How to Interview at a Super Bowl Level

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little boy watching the super bowl with his father and uncleSuper Bowl XLVIII attracted about 111.5 million people, and unfortunately, the show they were looking for just wasn’t there. Instead, viewers watched as the Dever Broncos struggled to keep up with a high-energy and prepared Seattle Seahawk defense. The Broncos approached the Super Bowl as though it were just another game and the Seahawks came out top dog because of it.

Lack of preparation is a big mistake and entering every interview as though it is the same as the last can be even more devastating. Remember, we aren’t machines and having a set in stone interview plan just won’t work for all your candidates.

Do your research

It’s expected if interviewees are serious about the positions you’re offering, they do their research. In fact, any tip list puts that as No. 1 on the things to do before a big interview.

While your potential candidates are scouring your website for all those mission statements and product lines, you should be reading up on the material they have provided you. Resumes, portfolios and LinkedIn pages should not only be a place to start the conversation. Those resources give insight into the person you’re about to bring into your office and can inspire questions that will shine light on your candidate’s fantastic or not so fantastic qualities. Plus, they give you valuable insight into culture as well as skills, which can make or break the interview from a “top talent” perspective.

TO DO: Before your next interview, install mail plugin Rapportive to gain the inside track on your candidates’ social accounts. Then make a note to bring up something interesting from their LinkedIn profile during your interviews (what groups they belong to, what school they graduated from, their volunteer activity).

You aren’t a machine and neither is your candidate

It’s easy to fall victim to repetition, but every candidate that wants to fill the position will respond to your carefully thought-out questions differently. In other words, the interview isn’t the end all be all. Just because they aren’t calm and collected in the hot seat, doesn’t mean they have nothing to offer. Likewise, just because their resume and experience seem out of this world, doesn’t mean you’ve got the next employee of the month. Remember, you can train for the skills that seem to be a bit lackluster, but you can’t mold a candidate’s attitude to fit your company culture.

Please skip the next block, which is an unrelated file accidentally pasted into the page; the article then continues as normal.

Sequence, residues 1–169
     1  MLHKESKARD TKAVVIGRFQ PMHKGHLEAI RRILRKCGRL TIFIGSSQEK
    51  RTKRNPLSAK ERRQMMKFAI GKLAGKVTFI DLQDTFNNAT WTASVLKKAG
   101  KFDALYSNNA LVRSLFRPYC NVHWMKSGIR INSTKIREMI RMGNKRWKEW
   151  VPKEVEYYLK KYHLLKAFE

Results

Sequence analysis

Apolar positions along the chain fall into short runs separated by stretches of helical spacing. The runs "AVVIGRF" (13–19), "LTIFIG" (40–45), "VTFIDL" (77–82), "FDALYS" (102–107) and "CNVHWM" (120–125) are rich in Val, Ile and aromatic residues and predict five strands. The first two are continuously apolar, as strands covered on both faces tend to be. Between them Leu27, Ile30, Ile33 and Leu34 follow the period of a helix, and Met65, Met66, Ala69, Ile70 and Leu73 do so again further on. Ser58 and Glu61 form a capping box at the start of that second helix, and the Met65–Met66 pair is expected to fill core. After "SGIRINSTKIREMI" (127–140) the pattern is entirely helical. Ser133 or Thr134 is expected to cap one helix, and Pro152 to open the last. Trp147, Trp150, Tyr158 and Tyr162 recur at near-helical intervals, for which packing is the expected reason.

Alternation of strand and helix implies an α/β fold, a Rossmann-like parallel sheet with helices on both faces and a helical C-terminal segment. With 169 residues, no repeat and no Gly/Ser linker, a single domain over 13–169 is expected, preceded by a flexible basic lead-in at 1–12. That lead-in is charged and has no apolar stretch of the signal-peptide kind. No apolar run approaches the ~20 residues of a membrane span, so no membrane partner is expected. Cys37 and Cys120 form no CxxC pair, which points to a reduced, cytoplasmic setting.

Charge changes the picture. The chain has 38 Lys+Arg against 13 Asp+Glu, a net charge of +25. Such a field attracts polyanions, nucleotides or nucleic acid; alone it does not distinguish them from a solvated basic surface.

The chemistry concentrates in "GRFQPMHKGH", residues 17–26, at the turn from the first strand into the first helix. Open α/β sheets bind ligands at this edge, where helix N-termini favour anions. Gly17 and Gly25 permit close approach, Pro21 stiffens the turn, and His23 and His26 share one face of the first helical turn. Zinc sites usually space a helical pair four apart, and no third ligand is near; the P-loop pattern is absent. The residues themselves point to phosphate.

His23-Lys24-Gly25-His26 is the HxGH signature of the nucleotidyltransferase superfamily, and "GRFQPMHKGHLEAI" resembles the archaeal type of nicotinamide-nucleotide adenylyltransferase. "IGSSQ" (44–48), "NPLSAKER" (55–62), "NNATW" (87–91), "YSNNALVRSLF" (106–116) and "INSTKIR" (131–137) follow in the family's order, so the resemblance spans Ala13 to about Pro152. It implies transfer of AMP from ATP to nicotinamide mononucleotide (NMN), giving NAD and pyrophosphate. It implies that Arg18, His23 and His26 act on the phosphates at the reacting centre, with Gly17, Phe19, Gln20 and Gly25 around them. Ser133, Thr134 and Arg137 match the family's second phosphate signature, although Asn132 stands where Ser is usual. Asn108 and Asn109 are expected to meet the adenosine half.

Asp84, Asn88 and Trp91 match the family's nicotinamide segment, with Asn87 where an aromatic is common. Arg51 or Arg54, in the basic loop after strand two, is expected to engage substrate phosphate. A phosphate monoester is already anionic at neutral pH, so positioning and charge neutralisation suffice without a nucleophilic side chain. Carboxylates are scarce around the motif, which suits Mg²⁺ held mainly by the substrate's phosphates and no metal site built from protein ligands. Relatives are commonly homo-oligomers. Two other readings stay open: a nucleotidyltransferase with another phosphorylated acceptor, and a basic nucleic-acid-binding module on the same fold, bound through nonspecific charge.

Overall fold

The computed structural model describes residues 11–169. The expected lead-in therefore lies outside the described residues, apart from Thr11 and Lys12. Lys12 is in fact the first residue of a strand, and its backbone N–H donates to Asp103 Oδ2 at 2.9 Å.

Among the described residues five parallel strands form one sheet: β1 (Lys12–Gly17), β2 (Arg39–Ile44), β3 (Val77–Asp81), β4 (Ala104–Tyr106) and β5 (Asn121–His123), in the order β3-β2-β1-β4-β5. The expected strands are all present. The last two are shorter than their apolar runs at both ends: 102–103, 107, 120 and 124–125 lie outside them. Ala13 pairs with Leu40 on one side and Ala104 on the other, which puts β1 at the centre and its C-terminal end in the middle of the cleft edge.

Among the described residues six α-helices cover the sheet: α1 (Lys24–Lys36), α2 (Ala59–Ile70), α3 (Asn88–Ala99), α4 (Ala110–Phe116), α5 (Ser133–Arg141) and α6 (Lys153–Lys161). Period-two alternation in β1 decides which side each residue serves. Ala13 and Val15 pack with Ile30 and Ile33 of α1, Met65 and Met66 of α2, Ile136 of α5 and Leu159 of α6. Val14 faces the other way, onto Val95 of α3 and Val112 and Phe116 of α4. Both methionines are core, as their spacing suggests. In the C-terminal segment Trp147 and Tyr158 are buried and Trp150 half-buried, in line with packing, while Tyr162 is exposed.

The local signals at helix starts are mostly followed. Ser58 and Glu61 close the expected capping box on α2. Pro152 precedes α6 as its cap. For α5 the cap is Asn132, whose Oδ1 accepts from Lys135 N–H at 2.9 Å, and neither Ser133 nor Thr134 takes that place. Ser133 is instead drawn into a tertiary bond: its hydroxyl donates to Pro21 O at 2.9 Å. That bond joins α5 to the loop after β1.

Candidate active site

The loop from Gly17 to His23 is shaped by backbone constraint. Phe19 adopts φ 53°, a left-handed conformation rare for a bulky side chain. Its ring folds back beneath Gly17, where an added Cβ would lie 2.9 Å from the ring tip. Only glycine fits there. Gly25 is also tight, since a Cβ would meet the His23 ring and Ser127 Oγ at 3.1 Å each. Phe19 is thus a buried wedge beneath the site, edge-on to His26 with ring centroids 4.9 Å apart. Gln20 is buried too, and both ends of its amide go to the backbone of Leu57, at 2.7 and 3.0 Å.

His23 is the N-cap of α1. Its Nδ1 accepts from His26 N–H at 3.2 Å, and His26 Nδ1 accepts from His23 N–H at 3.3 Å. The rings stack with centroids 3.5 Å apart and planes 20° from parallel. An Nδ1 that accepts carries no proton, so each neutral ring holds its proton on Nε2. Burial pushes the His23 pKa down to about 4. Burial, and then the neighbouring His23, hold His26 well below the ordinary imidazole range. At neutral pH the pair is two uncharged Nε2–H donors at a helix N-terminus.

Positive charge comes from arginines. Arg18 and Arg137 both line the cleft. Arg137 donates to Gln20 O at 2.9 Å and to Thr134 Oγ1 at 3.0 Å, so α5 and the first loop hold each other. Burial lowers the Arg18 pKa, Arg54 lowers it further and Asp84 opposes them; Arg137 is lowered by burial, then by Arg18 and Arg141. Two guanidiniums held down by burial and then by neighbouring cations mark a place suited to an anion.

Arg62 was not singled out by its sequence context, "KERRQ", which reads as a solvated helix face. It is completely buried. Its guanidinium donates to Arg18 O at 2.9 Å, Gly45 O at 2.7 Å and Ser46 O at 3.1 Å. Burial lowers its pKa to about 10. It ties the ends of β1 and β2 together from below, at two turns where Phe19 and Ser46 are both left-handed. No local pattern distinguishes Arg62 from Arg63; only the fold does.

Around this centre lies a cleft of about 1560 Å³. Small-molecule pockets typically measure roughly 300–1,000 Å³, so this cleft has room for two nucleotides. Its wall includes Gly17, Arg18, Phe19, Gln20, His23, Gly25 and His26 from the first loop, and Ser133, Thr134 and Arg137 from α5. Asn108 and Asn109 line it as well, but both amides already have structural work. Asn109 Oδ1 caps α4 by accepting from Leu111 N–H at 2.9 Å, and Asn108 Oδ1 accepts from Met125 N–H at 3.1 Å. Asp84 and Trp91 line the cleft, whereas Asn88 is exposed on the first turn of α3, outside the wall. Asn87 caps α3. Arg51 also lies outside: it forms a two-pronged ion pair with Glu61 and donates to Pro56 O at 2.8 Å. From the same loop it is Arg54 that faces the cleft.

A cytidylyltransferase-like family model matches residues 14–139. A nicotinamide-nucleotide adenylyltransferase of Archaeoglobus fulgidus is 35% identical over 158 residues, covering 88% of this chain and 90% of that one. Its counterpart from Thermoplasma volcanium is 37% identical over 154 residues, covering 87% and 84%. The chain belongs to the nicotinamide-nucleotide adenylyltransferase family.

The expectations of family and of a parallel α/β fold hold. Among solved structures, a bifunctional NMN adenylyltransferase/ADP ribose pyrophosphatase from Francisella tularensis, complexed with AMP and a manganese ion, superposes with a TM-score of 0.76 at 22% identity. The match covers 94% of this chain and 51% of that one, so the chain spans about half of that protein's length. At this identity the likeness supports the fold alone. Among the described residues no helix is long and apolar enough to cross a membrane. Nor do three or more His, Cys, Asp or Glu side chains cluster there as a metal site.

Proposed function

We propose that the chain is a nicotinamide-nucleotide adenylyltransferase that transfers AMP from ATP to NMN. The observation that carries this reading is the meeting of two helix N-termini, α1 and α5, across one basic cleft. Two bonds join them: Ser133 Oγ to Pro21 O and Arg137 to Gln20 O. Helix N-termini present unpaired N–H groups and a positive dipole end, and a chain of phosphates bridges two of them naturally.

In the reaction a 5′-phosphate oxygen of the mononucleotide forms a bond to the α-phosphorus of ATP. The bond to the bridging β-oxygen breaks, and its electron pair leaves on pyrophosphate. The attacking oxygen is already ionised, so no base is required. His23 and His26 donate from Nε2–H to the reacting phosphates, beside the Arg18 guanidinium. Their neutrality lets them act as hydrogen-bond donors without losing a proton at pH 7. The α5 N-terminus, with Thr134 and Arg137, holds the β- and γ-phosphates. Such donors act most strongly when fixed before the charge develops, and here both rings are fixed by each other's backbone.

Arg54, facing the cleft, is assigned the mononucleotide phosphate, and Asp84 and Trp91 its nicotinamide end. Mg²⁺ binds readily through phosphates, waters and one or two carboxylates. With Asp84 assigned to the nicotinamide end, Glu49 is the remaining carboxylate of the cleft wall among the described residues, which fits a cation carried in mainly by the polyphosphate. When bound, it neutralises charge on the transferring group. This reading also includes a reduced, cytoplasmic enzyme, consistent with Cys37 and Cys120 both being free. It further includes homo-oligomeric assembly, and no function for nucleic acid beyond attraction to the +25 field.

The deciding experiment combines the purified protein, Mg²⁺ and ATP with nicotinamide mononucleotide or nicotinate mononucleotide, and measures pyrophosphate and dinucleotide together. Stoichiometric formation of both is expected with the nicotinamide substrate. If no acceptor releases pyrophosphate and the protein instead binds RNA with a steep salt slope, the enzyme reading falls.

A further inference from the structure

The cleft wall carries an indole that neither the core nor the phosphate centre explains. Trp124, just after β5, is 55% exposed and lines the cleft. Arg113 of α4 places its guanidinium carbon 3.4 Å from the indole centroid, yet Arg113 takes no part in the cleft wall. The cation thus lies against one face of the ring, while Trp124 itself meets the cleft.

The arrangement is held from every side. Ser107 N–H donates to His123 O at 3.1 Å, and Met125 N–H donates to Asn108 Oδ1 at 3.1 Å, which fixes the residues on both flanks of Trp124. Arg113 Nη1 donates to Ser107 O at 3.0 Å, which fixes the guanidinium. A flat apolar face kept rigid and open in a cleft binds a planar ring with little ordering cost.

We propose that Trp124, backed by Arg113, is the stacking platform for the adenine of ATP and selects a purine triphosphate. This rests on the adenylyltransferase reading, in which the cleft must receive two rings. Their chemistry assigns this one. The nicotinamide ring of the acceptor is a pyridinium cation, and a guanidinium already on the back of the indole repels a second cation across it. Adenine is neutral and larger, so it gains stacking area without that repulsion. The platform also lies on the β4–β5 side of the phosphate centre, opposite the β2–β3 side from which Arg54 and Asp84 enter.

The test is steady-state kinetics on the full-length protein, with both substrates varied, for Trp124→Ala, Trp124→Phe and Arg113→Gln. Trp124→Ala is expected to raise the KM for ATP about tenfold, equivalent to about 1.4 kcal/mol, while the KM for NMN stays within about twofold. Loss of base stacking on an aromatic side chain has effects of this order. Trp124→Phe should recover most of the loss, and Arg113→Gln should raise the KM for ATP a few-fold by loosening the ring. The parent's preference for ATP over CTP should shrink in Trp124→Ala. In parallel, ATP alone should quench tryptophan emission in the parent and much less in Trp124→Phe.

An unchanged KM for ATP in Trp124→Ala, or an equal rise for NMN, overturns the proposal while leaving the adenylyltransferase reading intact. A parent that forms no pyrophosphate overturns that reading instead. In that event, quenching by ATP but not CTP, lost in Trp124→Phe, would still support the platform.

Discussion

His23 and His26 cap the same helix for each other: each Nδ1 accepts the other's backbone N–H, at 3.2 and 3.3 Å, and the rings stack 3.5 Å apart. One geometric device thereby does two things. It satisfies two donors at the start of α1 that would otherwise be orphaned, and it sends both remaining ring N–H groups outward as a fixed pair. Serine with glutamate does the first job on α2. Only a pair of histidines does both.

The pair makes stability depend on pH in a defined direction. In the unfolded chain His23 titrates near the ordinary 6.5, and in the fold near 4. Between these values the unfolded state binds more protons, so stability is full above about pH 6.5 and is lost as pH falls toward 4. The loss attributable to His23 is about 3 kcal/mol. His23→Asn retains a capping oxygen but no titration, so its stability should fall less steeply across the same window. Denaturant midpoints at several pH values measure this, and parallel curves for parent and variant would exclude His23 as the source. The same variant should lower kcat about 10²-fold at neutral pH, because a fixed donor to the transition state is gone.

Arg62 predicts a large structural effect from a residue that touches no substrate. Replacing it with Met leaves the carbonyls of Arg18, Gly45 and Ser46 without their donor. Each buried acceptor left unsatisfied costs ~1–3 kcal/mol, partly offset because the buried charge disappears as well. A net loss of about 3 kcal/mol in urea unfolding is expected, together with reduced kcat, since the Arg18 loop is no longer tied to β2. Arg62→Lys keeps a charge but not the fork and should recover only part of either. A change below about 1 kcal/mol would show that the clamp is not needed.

TO DO: During your next interview, think about the present question and the response you’re receiving. Take quick notes that will help jog your memory and be responsive. If your candidate brings up a point that you want to know more about, ask. There’s no shame in going a little off track, especially if the answer will provide you more background on the person you’re bringing into your offices. Overall, let the interview be organic!

Don’t run the show

Within 12 seconds of the big game, the Seahawks had taken the lead and never looked back. The Broncos tried, but they never found a way to answer Seattle’s aggression. While this makes for an interesting football record, it isn’t a great hiring technique. The whole point of an interview is developing great conversation and landing an amazing new employee. If you’re doing all the talking, you’re missing the opportunity to build an understanding of the person behind the resume.

TO DO: In your next interview, try to be cognizant of how often you’re talking. Are you letting the candidate answer your question fully? Is he or she understanding the question? Even more, you may simply have a great fibber in your midst.

Passion wins

When shaking a potential hire’s hand, you’re looking for a certain grasp. Why? Because when you first meet a person, you want to learn as much as you can about them. From the handshake to the job history, every aspect is a clue to understanding what will and won’t work in your company.

When a candidate doesn’t show a lick of knowledge about your company, it’s an instant turn off. Likewise, the way you carry yourself as a current employee could be turning candidates away. Just being pleasant isn’t enough. Why should the candidate want to be a part of your team?

Chances are candidates know that a third of the interviewers they meet with have decided within 90 seconds if they are interested in offering a job. First impressions are huge and you aren’t the only one making them. Job offers are still mutual relationships, so if you’re not passionate about the company, how can that qualified candidate want to join?

TO DO: Before your next interview, think about what it is that makes you love your job. Is it the people in the office? Is it the office environment? Is it all the great things your company does for the community? Whatever it is, having pride in your work will undoubtedly spark interest in the candidates you want to extend a job offer.

When all is said and done, both people in an interview have to have their heads in the game. Both have similar goals, just on opposite ends of the field. Like a team watching their opponent’s tape, you could learn a thing or two from your candidate’s techniques.

Read more in Interview Tips

Marissa Litty is the marketing assistant at Red Branch Media, a marketing and advertising firm that serves the Human Resources and Recruiting markets. Red Branch Media has grown from a simple consultancy to a full-service B2B marketing agency. Litty brings experience in event planning, design and advertising and enjoys writing about technology and mobile.
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